IMPLICATIONS

This study demonstrates improved delivery of preventive care for urban children with asthma with the use of symptom-based clinician prompting in primary care offices. Because guideline-based care can improve asthma outcomes,510 the potential implications of these findings are great. In addition, because urban children are at highest risk for receiving suboptimal care, incorporating such a method of systematic screening and prompting into routine visits for these children may substantially reduce asthma morbidity.

Correspondence: Jill S. Halterman, MD, MPH, Department of Pediatrics, University of Rochester School of Medicine and Dentistry, PO Box 777, 601 Elmwood Ave, Rochester, NY 14642 (jill_halterman@urmc.rochester.edu).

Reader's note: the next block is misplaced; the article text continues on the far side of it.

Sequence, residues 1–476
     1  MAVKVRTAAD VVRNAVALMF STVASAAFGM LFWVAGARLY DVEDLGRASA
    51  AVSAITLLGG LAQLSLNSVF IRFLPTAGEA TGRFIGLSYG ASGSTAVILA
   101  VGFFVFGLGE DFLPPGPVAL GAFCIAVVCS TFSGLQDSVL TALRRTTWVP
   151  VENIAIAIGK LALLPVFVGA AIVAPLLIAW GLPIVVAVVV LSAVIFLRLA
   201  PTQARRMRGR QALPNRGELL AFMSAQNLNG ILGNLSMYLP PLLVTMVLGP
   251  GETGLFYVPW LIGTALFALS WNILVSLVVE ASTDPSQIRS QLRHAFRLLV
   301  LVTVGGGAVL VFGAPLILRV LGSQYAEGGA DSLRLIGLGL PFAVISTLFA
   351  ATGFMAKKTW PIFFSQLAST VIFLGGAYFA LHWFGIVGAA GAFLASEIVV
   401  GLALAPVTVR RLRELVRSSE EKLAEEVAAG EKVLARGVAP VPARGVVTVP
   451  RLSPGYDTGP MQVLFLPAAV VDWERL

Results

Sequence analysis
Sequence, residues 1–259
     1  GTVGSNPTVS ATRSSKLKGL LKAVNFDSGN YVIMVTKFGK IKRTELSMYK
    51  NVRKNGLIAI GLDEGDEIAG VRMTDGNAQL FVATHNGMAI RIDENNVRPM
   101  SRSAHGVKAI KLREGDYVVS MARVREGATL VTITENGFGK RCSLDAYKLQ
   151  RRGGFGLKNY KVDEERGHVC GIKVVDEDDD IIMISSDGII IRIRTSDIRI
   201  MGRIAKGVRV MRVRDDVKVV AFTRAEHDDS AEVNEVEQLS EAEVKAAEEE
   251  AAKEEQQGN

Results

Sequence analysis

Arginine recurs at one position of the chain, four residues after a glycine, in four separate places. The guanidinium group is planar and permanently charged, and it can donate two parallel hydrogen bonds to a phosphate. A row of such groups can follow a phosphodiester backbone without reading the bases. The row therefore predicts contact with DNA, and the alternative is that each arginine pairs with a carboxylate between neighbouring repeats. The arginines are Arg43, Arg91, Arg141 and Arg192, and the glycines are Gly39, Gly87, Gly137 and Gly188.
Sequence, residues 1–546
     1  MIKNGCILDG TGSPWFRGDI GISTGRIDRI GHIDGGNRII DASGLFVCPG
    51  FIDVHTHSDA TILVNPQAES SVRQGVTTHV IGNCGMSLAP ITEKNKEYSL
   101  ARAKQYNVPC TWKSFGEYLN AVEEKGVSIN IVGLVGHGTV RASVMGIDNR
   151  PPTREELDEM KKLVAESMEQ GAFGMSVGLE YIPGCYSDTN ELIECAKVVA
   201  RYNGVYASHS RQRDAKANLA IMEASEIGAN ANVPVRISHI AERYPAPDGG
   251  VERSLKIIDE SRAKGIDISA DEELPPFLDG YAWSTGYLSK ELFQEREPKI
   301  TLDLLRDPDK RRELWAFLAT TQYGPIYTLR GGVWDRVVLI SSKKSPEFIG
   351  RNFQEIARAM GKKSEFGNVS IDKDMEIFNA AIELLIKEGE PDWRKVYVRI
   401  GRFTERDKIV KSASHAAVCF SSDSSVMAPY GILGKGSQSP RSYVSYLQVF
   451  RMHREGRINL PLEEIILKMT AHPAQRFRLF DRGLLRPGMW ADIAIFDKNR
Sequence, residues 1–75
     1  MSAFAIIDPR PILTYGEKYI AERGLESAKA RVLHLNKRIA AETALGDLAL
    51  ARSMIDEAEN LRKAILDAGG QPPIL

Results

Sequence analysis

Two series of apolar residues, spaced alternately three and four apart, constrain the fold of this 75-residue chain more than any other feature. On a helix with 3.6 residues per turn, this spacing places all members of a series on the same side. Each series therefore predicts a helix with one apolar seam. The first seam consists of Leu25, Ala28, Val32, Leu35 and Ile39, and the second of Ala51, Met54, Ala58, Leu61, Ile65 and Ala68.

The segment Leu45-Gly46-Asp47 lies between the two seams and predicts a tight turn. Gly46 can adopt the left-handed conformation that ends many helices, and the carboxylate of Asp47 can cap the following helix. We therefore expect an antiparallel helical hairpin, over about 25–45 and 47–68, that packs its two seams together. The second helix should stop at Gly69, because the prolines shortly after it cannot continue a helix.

Accepted for Publication: May 27, 2006.

Author Contributions: Dr Halterman had full access to all of the data in the study and takes responsibility for the integrity of the data and the accuracy of the data analysis. Study concept and design: Halterman, Fisher, and Szilagyi. Acquisition of data: Halterman, Conn, Fagnano, Lynch, and Marky. Analysis and interpretation of data: Halterman, Fisher, Conn, and Szilagyi. Drafting of the manuscript: Halterman, Fagnano, and Lynch. Critical revision of the manuscript for important intellectual content: Halterman, Fisher, Conn, Marky, and Szilagyi. Statistical analysis: Fisher and Conn. Obtained funding: Halterman. Administrative, technical, and material support: Conn, Fagnano, and Lynch. Study supervision: Szilagyi.

Funding/Support: The study was supported by grants from the Halcyon Hill Foundation and the Robert Wood Johnson Foundation's Generalist Physician Faculty Scholars Program.